PENNSYLVANIA; Final Edition--
Known as the Sauches Covered Bridge at the time of the Battle of Gettysburg, both the Union and Confederate Armies used this bridge to enter the battlefield area. Four days later the remnants of General Robert E Lee's Confederate, Army of Northern Virginia, retreated over this same bridge after the Union victory.
I stood in the mddle of this truss structure and tried to imagine the muted thunder of colonial armies rumbling their way across this bridge to a monumental battle that would take place just a few miles away; a battle over the period of three days that was to change the course of history for our newly developing country.
Today, the bridge is limited to the solitude of pedesterian traffic in this bucolic Pennsylvania, farmland setting. It was added to the National Register of Historic Places in 1980.
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Col. Patrick H. O'Rorke (left) was graduated first in his class at the US Military Academy, West Point, NY in June 1861. He is featured on the New York monument honoring their 140th Infranty, erected at Gettysburg in 1889. His fellow commanders described his heroic action on Little Round Top as among the most instrumental of the entire Civil War.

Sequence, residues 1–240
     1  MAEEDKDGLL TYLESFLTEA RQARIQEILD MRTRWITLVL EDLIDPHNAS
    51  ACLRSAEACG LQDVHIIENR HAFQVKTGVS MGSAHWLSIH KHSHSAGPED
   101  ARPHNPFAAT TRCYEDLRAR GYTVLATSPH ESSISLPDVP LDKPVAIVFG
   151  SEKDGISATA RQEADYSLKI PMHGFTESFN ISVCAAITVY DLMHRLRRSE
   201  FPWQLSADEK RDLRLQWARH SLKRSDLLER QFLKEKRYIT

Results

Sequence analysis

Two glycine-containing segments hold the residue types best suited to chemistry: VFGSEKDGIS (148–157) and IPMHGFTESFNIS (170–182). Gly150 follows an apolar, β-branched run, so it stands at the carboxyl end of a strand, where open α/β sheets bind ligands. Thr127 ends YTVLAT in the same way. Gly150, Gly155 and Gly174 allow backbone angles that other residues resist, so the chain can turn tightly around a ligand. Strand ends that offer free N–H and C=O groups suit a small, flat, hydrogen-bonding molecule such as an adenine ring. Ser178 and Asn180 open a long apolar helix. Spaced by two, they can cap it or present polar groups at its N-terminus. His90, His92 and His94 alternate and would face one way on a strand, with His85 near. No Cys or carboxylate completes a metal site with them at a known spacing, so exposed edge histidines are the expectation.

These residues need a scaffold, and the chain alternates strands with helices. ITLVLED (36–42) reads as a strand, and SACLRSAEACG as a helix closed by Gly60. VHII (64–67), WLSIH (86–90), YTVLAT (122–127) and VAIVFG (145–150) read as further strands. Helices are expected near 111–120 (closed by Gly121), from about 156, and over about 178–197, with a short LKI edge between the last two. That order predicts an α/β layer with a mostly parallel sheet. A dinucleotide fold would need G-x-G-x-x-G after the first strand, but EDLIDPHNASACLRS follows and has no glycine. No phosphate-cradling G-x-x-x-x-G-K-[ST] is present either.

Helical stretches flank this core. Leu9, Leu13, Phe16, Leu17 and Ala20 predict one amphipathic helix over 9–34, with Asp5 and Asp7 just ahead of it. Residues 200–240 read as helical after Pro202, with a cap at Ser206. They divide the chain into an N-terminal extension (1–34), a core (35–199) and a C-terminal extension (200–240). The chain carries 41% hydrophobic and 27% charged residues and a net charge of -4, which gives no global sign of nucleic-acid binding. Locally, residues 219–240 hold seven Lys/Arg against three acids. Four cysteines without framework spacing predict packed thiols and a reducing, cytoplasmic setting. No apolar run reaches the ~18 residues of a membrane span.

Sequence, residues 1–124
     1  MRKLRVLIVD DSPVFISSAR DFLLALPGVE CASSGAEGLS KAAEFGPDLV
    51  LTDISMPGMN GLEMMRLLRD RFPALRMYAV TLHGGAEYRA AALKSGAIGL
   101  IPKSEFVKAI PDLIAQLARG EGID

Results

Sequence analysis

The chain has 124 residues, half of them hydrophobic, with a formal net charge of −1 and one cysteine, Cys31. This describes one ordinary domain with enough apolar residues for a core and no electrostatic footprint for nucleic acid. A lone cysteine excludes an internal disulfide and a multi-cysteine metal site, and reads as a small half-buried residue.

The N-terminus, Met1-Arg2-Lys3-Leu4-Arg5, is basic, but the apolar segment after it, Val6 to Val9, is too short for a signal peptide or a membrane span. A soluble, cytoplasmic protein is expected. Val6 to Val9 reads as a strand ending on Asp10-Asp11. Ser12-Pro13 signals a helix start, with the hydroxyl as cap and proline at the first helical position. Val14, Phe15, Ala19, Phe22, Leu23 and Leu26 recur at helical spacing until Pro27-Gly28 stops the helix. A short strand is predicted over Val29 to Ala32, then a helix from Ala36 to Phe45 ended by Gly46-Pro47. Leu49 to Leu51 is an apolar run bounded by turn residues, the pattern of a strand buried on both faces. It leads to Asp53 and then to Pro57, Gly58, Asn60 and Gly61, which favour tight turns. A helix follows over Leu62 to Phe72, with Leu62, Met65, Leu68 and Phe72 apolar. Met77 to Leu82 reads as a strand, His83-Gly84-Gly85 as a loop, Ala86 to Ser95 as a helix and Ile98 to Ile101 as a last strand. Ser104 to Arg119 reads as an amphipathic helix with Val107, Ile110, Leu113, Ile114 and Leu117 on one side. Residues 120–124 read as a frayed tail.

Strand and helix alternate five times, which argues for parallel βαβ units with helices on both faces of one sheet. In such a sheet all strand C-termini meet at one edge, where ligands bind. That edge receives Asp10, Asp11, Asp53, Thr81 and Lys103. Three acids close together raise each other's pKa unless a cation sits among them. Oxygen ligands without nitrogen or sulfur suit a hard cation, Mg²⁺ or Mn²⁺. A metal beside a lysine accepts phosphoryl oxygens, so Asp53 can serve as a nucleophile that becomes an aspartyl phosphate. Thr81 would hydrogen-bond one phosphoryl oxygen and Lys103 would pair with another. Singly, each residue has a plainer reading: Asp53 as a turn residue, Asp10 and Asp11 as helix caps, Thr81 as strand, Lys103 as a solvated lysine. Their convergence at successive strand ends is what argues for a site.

He was killed there on the second day of battle, July 2, 1863. A bridge in his hometown of Rochester, NY was named in his honor in 2004.
To this day, visitors to the battlefield rub the nose of his bronze casting for good luck, polishing it to a bright lustre.
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Later in our battfield visit we came upon another monument where visitors have accorded similar treatment; this time to twin parts of a lady's anatomy.
I didn't know whether to laugh or frown at this mild indignity.
Still later we were visiting the battfield cemetery and began to notice coins, mostly pennies, lying atop the small grave stones. Park officials appreciate the respectful intent of those responsible but have discovered the alloy of the coins when exposed to rain leaves nearly permanent stains on the grave markers.
Sue, Becky and I collected 814 pennies and a handful of other coins which Becky turned over to the cemetery treasury in her role as a volunteer park ranger.
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One memory I have carried with me since a childhood visit to Gettysburg is that of a musket ball that passed randomly through an entrance door at the home of Jenny Wade, killing her and making her the only civilian casualty of the battle.
The ball actually also passed through an interior door and struck her while she was kneading dough in the kitchen. She was 20 years old at the time.
As is often the case with such experiences, my memory is of a much larger hole that easily accommodated my curious finger nearly 70 years ago, and the door was a natural, aging wood color, not the bright red of present day.